Socio-Economic Segregation in Large Cities in France and the United States (WP-13-24)
Lincoln Quillian, Hugues Lagrange
This working paper calculates measures of the level of socioeconomic segregation in large metropolitan areas (cities and their surrounding suburbs) in the United States and France. The authors define “large” metropolitan areas as city-suburb combinations with a population of greater than one million. They use tract data from the American Community Survey (2006-2010) and data from the French Census of 2008 and the French Ministry of Finance. The results reveal a significantly higher level of socioeconomic segregation in large American than in French cities. American cities are more segregated than French cities on all three measures considered here: income, employment, and education. This finding holds with measures that account for different distributions of income, unemployment, and education across the two countries. The researchers also find (1) a strong pattern of low-income neighborhoods in central cities, and high-income neighborhoods in suburbs in the United States, but not in France; (2) that high-income persons are the most segregated group in both countries; (3) that the shares of neighborhood income differences that can be explained by neighborhood race-ethnic composition are similar in France and the United States, suggesting that racial segregation cannot account for much of the higher level of U.S. socioeconomic segregation.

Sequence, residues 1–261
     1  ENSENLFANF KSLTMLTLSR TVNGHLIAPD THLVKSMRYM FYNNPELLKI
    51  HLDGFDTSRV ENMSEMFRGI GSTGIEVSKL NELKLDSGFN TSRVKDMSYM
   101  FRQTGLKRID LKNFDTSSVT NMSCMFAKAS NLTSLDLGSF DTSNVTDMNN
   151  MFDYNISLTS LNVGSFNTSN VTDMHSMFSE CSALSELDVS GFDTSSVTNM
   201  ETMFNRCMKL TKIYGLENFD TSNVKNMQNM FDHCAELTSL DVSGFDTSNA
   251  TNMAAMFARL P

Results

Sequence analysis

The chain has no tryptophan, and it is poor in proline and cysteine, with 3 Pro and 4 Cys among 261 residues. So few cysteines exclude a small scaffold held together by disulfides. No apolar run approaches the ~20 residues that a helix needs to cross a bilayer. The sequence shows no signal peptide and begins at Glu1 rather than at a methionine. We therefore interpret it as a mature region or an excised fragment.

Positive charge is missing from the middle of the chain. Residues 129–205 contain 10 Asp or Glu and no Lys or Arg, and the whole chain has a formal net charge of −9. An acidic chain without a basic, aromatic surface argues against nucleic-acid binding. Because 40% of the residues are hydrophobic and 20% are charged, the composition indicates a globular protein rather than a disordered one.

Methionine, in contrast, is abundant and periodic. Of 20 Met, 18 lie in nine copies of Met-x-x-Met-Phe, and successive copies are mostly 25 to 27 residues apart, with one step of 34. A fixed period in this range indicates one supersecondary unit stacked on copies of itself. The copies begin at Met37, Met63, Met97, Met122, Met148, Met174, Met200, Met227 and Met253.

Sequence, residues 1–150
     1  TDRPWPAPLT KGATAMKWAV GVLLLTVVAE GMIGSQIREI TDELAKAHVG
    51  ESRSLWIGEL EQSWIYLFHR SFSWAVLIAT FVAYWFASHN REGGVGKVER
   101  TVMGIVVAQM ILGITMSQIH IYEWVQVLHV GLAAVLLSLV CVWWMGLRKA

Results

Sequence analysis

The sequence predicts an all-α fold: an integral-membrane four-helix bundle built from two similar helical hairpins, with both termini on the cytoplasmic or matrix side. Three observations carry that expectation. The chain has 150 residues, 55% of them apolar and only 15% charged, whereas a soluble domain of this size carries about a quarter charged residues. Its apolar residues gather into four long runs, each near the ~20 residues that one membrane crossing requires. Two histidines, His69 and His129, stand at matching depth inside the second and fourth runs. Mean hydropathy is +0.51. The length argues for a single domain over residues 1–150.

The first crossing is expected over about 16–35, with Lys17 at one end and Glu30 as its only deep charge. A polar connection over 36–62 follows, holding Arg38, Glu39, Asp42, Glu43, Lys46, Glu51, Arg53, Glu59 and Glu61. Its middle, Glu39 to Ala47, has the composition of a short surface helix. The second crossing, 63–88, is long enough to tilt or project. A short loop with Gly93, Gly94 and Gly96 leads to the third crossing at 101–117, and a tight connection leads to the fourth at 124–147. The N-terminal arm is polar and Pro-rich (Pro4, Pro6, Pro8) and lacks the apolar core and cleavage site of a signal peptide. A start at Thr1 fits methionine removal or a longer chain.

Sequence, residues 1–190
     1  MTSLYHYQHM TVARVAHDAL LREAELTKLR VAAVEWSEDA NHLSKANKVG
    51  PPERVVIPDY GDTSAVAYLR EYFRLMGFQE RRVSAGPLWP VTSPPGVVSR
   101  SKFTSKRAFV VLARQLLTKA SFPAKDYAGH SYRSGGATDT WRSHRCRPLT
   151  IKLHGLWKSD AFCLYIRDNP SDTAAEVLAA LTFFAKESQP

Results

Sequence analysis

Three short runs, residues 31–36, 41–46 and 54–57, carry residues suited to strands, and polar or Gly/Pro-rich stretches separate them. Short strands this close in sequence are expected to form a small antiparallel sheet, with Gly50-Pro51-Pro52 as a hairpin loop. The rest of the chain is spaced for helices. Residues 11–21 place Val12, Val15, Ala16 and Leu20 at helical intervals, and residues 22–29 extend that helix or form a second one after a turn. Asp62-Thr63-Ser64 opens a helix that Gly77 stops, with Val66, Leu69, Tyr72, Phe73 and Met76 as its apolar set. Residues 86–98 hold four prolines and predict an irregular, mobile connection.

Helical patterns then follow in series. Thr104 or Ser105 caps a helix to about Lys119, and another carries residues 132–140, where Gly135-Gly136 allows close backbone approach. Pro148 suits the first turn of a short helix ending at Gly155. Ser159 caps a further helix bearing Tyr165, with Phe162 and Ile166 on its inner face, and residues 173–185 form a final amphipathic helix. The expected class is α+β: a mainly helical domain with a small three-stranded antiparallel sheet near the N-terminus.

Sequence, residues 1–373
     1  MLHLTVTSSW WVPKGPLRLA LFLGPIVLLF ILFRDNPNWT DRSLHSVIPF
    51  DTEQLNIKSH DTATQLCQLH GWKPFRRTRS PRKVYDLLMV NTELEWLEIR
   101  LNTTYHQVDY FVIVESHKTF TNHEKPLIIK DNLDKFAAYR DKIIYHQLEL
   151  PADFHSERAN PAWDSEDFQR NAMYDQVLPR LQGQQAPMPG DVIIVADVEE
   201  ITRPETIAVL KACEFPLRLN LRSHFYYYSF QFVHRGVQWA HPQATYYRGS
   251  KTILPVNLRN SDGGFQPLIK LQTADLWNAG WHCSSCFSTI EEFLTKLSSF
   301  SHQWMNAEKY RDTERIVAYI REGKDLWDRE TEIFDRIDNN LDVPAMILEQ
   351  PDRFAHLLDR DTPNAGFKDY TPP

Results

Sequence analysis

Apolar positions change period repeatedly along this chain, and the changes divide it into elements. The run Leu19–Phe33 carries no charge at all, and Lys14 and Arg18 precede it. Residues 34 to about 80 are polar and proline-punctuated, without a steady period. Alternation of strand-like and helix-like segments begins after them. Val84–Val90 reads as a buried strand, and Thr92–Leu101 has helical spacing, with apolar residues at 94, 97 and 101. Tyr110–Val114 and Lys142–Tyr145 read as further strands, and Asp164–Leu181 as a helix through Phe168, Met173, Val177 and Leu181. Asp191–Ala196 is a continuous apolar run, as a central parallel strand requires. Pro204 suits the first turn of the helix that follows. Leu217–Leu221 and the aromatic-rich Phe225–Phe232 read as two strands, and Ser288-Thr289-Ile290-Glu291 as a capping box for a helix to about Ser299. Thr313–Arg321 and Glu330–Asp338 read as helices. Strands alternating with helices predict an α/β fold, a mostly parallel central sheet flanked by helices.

Lincoln Quillian, Professor of Sociology, Faculty Fellow, Institute for Policy Research, Northwestern University
Hugues Lagrange, Research Director at CNRS and Sciences Po